Racers tumble in Tasmania

Wayne Clark’s 1938 Dodge Speedster Special.
Wayne Clark’s 1938 Dodge Speedster Special.

NAMES can be very descriptive: Targa Tasmania 2016 outright winner Matt Close won the 25th anniversary event by an emphatic margin of six minutes and 41 seconds – but it was still a very close thing.
He and co-driver Cameron Reeves had a slight ‘off’ on one of the last stages and their red Porsche GT3 came close to whacking a pole.
Then they had a puncture, but still ran out winning from the Dodge Viper of Mike Pritchard and Gary Mourant and the Porsche GT4 of Jim Richards and Barry Oliver.
Fourth, after driving his heart out in a Renault Megane, was The Motor Report editor Mike Sinclair.
In the GT4 class, Steve Glenney in his Subaru WRX STI won ahead of pre-event favourite Tony Quinn, who did a bit of unexpected offroading in his $420,000 Lamborghini Huracan, and Queenslander Leigh Achterberg won the Classic handicap in his 1982 Porsche 944, a minute clear of of Petter Ullrich in a Jensen.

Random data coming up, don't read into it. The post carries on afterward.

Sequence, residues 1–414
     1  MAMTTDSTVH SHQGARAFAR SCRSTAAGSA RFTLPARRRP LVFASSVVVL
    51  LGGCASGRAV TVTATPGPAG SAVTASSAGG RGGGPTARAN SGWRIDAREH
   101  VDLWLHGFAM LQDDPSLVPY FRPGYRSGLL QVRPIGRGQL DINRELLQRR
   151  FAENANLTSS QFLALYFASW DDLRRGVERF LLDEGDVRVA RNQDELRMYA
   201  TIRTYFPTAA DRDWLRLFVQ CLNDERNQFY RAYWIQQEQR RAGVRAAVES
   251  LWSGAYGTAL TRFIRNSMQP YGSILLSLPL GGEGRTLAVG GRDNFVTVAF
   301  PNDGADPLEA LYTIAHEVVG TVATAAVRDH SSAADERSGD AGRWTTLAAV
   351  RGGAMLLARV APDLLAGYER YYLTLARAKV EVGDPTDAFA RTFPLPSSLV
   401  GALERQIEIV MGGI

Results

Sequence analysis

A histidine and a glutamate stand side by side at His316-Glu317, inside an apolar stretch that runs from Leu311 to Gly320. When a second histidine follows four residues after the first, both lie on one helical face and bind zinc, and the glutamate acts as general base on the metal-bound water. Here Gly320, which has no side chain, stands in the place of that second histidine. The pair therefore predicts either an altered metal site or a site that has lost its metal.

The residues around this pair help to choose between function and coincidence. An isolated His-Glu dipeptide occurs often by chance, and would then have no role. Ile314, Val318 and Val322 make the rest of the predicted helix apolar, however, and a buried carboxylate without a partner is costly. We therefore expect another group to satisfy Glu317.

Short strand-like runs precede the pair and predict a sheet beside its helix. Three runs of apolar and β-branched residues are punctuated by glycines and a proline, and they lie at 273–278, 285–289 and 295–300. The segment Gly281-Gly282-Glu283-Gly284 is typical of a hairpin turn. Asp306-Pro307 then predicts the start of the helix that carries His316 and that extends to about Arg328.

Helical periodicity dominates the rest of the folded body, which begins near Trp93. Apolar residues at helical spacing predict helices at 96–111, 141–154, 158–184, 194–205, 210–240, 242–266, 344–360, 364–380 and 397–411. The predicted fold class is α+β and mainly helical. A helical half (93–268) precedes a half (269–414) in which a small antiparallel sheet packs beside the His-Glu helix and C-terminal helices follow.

Jon Siddins took the Classic outright title in his 1970 Datsun 240Z from 2014 winner, Canberra’s Barry Faux, in a 1985 Mazda RX-7 and the Vintage class was won by Wayne Clark’s 1938 Dodge Speedster Special.
The event drew a record 382 entries in nine classes, with some from Japan, Singapore, the UK, South Africa and Papua New Guinea.
About 15 West Australian teams competed, including the Community News Group’s Driveway Porsche 911 Carrera of Rob Buys and Sanja Aksamija, Mark Duder and Greg Humphries in their Alpine A110 and Mick Caratti and Madelin Kirkhouse in what might be the world’s most rallied Porsche 944 Turbo.
Among other WA teams were Paul Bartlett and Paul Helm in their Escort MkI, Joe Caudo/Ivan Limb (1980 HDT Commodore), Mike Moylan and Don Behets in a Ford Thunderbolt coupe, and Glyn Crimp and Frank Brookhouse in an Audi TT RS.
More than 20 competitors came to grief during the event, the first in the first hour of the event when a Noosa father and son team ended up in hospital after a huge crash in their BMW 2002Ti.
Also on day one a Porsche missed a tight turn at the entrance to a town and ended up in a resident’s front garden, scattering garden gnomes in all directions.
Overall, it was a great event that covered 2000km and 39 special stages and was well worthy of its ‘world’s ultimate tarmac rally’ status.